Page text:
Kraus, Jody S., 2007, “Legal Determinacy and Moral Justification,”William & Mary Law Review, 48, pp. 1773–1787Google Scholar
Kraus, Jody S., 2007, “Transparency and Determinacy in Common Law Adjudication: A Philosophical Defense of Explanatory Economic Analysis,”Virginia Law Review, 93, pp. 287–359Google Scholar
Kraus, Jody S., 2002, “Philosophy of Contract Law,” in Coleman, Jules and Shapiro, Scott, eds., The Oxford Handbook of Jurisprudence and Philosophy of Law, Oxford: Oxford University Press, pp. 694–696Google Scholar
Posner, Richard A., 2007, Economic Analysis of Law, 7th ed., New York: Aspen PublishersGoogle Scholar
Shavell, Steven, 2007, Foundations of Economic Analysis of Law, Cambridge, MA: Harvard University PressGoogle Scholar
Veljanovski, Cento, 2007, Economic Principles of Law, Cambridge: Cambridge University PressCrossRefGoogle Scholar
Fried, Charles, 1981, Contract as Promise: A Theory of Contractual Obligation, Cambridge, MA: Harvard University PressGoogle Scholar
Fried, Charles, 2007, “The Convergence of Contract and Promise,”Harvard Law Review Forum, 120, pp. 1–9Google Scholar
Becker, Gary S., 1976, The Economic Approach to Human Behavior, Chicago: University of Chicago PressGoogle Scholar
Baird, Douglas G., Gertner, Robert H., and Picker, Randal C., 1994, Game Theory and the Law, Cambridge, MA: Harvard University PressGoogle Scholar
Farber, Daniel A. and Frickey, Philip P., 1991, Law and Public Choice: A Critical Introduction, Chicago: University of Chicago PressCrossRefGoogle Scholar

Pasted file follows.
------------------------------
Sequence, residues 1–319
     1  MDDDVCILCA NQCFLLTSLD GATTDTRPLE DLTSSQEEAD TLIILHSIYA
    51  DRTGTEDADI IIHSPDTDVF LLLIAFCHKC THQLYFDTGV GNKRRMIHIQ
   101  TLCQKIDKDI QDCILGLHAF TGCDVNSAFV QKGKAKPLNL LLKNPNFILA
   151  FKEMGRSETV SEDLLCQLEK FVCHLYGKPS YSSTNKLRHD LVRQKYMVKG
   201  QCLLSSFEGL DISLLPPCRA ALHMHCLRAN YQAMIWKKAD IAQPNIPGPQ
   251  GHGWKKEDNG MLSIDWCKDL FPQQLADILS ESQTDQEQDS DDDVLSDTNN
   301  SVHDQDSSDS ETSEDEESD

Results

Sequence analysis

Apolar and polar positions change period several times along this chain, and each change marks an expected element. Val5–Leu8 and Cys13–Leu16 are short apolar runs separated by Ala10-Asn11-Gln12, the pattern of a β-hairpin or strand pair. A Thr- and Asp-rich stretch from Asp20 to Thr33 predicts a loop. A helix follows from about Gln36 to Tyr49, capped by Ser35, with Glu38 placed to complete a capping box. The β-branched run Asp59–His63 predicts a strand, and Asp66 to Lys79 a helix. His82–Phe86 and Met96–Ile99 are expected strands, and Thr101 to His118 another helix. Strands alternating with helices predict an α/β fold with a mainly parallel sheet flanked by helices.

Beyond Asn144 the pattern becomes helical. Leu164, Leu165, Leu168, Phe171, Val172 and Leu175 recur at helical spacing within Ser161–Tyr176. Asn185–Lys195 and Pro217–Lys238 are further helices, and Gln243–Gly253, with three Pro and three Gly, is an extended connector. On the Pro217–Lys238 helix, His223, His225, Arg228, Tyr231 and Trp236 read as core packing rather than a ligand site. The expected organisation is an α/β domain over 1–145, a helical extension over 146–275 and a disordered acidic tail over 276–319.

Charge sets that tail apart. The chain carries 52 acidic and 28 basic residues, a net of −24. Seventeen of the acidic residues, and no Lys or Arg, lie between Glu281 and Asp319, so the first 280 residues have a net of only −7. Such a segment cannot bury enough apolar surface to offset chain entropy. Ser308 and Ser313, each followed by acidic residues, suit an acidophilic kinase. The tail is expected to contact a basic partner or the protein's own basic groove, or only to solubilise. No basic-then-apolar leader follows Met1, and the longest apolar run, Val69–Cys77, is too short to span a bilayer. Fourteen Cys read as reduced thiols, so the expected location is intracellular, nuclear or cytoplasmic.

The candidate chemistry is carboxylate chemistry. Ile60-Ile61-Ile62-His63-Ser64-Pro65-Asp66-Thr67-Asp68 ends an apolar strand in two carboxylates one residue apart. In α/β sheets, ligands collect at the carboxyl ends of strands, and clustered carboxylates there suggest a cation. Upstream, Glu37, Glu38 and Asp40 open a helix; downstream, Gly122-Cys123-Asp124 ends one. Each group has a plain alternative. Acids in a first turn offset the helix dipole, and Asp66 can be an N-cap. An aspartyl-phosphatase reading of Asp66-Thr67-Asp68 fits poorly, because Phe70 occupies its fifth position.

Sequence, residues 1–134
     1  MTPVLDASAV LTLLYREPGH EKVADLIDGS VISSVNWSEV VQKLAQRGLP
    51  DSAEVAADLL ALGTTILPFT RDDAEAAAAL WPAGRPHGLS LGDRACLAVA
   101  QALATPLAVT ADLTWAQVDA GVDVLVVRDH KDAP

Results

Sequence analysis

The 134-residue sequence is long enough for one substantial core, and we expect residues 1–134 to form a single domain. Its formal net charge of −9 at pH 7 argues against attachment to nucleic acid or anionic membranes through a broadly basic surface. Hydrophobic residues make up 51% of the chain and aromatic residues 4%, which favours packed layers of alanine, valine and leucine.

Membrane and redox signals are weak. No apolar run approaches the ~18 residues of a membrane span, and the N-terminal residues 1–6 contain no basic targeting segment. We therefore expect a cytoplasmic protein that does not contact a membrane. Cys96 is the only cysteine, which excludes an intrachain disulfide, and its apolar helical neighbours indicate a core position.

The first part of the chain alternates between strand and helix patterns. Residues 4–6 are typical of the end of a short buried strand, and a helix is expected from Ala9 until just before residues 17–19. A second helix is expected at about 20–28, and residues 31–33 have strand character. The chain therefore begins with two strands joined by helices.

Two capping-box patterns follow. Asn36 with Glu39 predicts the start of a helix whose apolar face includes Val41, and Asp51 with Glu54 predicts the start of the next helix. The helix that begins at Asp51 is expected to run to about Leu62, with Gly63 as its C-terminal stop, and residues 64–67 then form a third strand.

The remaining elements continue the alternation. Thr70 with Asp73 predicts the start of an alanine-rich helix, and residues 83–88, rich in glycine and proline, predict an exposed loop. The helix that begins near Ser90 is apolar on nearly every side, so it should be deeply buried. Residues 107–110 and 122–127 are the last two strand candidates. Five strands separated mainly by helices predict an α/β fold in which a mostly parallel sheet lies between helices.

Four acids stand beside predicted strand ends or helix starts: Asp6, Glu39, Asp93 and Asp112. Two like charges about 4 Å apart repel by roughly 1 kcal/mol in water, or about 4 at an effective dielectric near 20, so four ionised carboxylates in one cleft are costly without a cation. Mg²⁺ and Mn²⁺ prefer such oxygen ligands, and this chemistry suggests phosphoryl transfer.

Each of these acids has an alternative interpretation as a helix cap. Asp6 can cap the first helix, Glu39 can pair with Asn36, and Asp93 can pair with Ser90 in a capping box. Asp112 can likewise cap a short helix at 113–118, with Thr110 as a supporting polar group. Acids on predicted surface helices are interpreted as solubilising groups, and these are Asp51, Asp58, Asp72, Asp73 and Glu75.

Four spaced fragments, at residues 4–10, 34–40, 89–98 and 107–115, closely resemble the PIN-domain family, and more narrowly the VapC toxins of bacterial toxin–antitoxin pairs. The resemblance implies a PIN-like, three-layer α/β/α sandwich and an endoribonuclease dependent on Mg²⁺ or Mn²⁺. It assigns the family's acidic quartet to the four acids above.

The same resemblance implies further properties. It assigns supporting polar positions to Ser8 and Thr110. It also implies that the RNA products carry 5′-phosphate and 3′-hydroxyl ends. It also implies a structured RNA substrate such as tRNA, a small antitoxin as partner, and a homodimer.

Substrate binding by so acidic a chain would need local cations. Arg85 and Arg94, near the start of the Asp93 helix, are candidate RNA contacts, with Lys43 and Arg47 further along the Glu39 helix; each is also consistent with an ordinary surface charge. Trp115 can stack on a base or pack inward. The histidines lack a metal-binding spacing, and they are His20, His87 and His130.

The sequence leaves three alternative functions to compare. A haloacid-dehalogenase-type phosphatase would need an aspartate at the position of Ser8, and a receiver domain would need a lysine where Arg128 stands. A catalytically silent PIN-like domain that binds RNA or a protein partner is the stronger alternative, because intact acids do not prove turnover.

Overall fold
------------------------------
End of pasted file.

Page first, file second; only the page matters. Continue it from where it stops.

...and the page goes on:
Coase, Ronald H., 1960, “The Problem of Social Cost,”Journal of Law and Economics, 3, pp. 1–44CrossRefGoogle Scholar
Goetz, Charles J. and Scott, Robert E., 1977, “Liquidated Damages, Penalties, and the Just Compensation Principle,”Columbia Law Review, 77, pp. 554–594CrossRefGoogle Scholar
Coleman, Jules L., 2007, “Some Reflections on Richard Brooks's ‘Efficient Performance Hypothesis,’”Yale Law Journal Pocket Part, 116, pp. 416–422Google Scholar
Simpson, A. W. B., 1975, A History of the Common Law of Contract, Oxford: Clarendon Press, pp. 316–326Google Scholar
Baker, J. H., 1981, “Origins of the ‘Doctrine’ of Consideration, 1535–1585,” in Arnold, Morris S. et al., eds., On the Laws and Customs of England: Essays in Honor of Samuel E. Thorne, Chapel Hill: University of North Carolina Press, pp. 336–358Google Scholar
Calabresi, Guido, 1998, “Supereditor or Translator: Comments on Coleman,” in Bix, Brian (ed.), Analyzing Law, Oxford: Oxford University Press, pp. 107–115, especially pp. 113–114Google Scholar
Posner, Richard A., 1983, The Economics of Justice, Cambridge, MA: Harvard University Press, pp. 103–107Google Scholar
Posner, Richard A., 1990, The Problems of Jurisprudence, Cambridge, MA: Harvard University Press, pp. 353–374Google Scholar
Craswell, Richard, 2003, “In that Case, What Is the Question? Economics and the Demands of Contract Theory,”Yale Law Journal, 112, pp. 903–924CrossRefGoogle Scholar
Priest, George L., 1977, “The Common Law Process and the Selection of Efficient Rules,”Journal of Legal Studies, 6, pp. 65–82CrossRefGoogle Scholar
Rubin, Paul H., 1977, “Why Is the Common Law Efficient?”Journal of Legal Studies, 6, pp. 51–63CrossRefGoogle Scholar
Priest, George L., 1980, “Selective Characteristics of Litigation,”Journal of Legal Studies, 9, pp. 399–421, especially pp. 409–415CrossRefGoogle Scholar